People have always had trouble seeing the order in an apparently chaotic market. Even as the price system constantly moves resources toward their best use, on the surface the market seems the very opposite of order — businesses failing, jobs being lost, people prospering at an uneven pace, investments revealed to have been wasted. The fast‐​paced Innovation Age will seem even more chaotic, with huge businesses rising and falling more rapidly than ever, and fewer people having long‐​term jobs. But the increased efficiency of transportation, communications, and capital markets will in fact mean even more order than the market could achieve in the industrial age. The point is to avoid using coercive government to “smooth out the excesses” or “channel” the market toward someone’s desired result.

A Framework for Utopia

Lots of political movements promise utopia: Just implement our program, and we’ll usher in an ideal world. Libertarians offer something less and more: a framework for utopia, as Harvard University philosopher Robert Nozick put it.

My ideal community would probably not be your utopia. The attempt to create heaven on earth is doomed to fail, because we have different ideas of what heaven would be like. As society becomes more diverse, the possibility of agreeing on one plan for a whole nation or the whole world becomes even more remote. And in any case, we can’t possibly anticipate the changes that progress will bring. Utopian plans always involve a static and rigid vision of the ideal community, and such a vision cannot accommodate a dynamic world. We can no more imagine what civilization will be like a century from now than the people of 1900 could have imagined today’s civilization. What we need is not utopia, but a free society in which people can design their own communities.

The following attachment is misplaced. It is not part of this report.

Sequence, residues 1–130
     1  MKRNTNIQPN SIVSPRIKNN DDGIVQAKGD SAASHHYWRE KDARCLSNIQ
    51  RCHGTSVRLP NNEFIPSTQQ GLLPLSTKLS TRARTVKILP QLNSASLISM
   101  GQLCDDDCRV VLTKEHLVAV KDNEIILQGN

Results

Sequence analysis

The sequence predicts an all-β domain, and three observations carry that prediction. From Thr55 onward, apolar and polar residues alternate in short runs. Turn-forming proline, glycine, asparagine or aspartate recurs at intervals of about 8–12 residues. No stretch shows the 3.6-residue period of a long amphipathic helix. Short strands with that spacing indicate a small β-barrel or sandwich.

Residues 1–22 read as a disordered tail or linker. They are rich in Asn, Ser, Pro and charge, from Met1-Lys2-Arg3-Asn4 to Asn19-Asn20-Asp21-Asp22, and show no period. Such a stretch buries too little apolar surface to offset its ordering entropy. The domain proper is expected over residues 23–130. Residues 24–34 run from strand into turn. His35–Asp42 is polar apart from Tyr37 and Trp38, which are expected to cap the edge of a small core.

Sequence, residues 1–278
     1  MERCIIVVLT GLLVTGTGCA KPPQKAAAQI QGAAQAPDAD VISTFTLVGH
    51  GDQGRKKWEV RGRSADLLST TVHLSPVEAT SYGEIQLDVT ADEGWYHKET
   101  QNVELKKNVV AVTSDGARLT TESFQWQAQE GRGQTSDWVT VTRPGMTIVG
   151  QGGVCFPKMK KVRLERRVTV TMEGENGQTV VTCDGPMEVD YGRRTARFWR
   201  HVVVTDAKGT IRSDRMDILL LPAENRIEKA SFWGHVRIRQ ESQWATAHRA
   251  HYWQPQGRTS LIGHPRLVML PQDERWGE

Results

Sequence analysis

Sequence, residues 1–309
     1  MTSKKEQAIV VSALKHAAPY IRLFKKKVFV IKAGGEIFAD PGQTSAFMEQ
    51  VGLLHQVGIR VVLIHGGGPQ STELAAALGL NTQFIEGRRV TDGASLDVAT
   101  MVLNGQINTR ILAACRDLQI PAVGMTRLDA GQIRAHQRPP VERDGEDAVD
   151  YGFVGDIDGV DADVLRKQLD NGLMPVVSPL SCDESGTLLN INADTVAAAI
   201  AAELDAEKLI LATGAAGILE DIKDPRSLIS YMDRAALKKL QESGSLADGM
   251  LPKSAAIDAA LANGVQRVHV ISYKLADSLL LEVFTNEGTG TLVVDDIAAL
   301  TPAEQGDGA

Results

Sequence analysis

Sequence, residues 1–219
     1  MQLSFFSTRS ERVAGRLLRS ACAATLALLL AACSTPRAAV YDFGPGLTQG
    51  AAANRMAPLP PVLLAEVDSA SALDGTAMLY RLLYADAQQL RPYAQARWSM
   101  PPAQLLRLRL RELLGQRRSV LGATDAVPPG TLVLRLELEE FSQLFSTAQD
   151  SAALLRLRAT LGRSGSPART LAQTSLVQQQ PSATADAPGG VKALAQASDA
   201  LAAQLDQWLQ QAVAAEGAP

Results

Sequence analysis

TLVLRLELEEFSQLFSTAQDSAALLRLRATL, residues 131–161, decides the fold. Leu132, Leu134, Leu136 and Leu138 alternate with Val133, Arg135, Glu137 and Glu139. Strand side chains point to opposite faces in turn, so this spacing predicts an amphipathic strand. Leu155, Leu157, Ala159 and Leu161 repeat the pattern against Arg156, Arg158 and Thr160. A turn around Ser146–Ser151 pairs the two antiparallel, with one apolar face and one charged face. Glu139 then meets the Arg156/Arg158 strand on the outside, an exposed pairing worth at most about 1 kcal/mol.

A libertarian society is only a framework for utopia. In such a society, government would respect people’s right to make their own choices in accord with the knowledge available to them. As long as each person respected the rights of others, he would be free to live as he chose. His choice might well involve voluntarily agreeing with others to live in a particular kind of community. Individuals could come together to form communities in which they would agree to abide by certain rules, which might forbid or require particular actions. Since people would individually and voluntarily agree to such rules, they would not be giving up their rights but simply agreeing to the rules of a community that they would be free to leave.

We already have such a framework, of course. In the market process, we can choose from many different goods and services, and many people already choose to live in a particular kind of community. A libertarian society would offer more scope for such choices by leaving most decisions about living arrangements to the individual and the chosen community, rather than government’s imposing everything from an exorbitant tax rate to rules about religious expression and health care.